Assessment of the effect on coping revealed an effect on fighting spirit. Among the several different types of coping, fighting spirit has consistently been considered the most beneficial response, especially in breast carcinoma patients.65–70 Thus, we suggest that the long term effect on fighting spirit may be because the intervention provided participants with the skills needed to cope with their situation when the 6-week intervention had ended, and the skills may have been used effectively for 6 months. The study, however, did not show any effect on the remaining maladaptive types of coping: helplessness, anxious preoccupation, fatalism, and avoidance.44, 47 One reason for this may have been the coping skills component. In this component, although we presented two pictures describing both ineffective and effective coping methods, we discussed only the effective one and encouraged the participants to apply it to their own situations, because the time available for the intervention was limited. The brief program might have been less effective for participants with an ineffective, maladaptive style of coping, although it was effective for adaptive coping.

Although we tried to address fear of cancer recurrence in the coping skills component, we were unable to clarify whether any improvement resulted. One reason may have been the measures we adopted in the study, which were unable to measure fear of recurrence specifically. Another reason may have been due to the method of coping skills training. In this component, we discussed fear of recurrence in only one session, and most of the participants felt it difficult to focus on this specific topic. Thus, our approach may not be able to ameliorate fear of recurrence. However, one study has stated that primary breast carcinoma patients at higher risk of recurrence should be offered psychologic adjuvant therapy,71 and another has stated that most patients who are informed of the risk of breast carcinoma recurrence might prefer more intensive follow-up.72 Based on these reports, psychosocial intervention will become a useful means of support in primary breast carcinoma patients with higher risk, and thus higher fear, of recurrence when making treatment decisions and during follow-up. Further modification of the coping skills component of the intervention is needed.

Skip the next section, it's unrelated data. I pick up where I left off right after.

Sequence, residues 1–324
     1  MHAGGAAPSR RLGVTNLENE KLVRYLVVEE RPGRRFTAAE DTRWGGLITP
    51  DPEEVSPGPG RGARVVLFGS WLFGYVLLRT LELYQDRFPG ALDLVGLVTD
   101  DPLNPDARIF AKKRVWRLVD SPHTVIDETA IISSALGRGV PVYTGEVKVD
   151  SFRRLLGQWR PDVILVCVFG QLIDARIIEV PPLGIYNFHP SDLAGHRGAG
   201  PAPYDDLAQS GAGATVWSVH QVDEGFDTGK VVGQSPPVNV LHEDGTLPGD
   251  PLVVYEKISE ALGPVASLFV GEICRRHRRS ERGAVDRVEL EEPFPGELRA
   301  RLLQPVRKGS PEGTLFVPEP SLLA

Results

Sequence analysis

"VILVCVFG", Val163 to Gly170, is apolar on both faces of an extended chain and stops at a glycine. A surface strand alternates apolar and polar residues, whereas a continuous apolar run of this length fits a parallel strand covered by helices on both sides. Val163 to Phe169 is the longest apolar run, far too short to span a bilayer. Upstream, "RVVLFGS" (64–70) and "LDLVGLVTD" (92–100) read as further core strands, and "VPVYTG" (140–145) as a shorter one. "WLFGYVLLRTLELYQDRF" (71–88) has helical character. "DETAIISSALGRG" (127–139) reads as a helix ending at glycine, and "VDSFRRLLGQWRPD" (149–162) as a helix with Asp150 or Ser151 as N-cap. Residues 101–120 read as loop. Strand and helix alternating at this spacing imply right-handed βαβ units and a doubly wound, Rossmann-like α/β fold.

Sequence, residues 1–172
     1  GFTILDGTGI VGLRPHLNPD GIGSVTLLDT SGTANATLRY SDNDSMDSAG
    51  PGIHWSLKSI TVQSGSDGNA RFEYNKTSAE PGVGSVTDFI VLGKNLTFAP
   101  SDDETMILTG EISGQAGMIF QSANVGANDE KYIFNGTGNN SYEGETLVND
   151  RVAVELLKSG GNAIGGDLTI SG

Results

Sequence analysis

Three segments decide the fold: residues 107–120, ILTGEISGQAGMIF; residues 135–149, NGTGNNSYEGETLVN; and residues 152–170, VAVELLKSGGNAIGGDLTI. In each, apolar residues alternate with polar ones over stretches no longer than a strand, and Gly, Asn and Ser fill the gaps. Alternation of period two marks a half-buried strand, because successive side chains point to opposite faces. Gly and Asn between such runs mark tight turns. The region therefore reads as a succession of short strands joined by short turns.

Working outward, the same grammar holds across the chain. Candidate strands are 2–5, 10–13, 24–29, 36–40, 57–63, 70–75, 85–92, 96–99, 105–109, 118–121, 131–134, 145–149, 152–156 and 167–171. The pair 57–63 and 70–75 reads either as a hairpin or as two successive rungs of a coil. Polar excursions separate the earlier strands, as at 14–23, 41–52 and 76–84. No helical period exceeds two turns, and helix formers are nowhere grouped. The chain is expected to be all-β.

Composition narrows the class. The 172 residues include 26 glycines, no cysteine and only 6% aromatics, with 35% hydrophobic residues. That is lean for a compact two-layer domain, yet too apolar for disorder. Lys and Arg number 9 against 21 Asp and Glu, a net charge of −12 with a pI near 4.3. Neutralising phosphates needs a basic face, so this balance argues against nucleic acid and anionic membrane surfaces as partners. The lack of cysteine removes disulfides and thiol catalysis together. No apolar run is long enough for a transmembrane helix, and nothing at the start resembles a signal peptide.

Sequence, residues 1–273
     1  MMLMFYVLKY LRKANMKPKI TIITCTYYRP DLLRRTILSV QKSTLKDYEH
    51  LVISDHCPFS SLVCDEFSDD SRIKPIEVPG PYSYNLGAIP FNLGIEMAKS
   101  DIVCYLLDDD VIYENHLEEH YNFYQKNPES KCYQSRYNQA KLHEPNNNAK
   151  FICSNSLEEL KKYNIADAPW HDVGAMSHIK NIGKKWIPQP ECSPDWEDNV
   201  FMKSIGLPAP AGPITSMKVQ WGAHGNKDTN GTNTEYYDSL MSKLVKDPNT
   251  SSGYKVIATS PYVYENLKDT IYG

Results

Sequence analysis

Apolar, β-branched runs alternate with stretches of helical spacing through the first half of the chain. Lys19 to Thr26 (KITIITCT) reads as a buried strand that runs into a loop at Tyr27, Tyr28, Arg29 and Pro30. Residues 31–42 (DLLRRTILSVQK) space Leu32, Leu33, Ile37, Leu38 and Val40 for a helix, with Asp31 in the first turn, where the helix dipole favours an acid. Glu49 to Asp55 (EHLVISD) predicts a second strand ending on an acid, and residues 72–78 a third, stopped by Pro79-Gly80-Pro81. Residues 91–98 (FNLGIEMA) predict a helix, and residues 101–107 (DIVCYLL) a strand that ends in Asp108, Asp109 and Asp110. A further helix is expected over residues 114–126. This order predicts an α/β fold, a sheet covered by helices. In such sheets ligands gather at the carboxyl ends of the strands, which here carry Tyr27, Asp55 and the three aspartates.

It is noteworthy that the quality of life of these Japanese cancer patients was improved by psychosocial group intervention. A previous study pointed out that any attempt to apply Western-developed intervention models to Japanese persons without considering differences in cultural contexts, such as family structure, life cycle, and communication style, would fail to achieve its effect.59 Accordingly, we identified inappropriate areas, i.e., provision of medical information, family support style, participants' concerns, and communication style of the intervention in the Western-developed model,12 and modified the model in a pilot study.41 Although 3 of 10 (30%) participants dropped out earlier in the pilot study, no participants dropped out during the intervention period when the modified model was used in this study, and it was shown to be effective. This suggests that psychosocial group intervention can be applied to Japanese cancer patients when cultural differences are taken into account.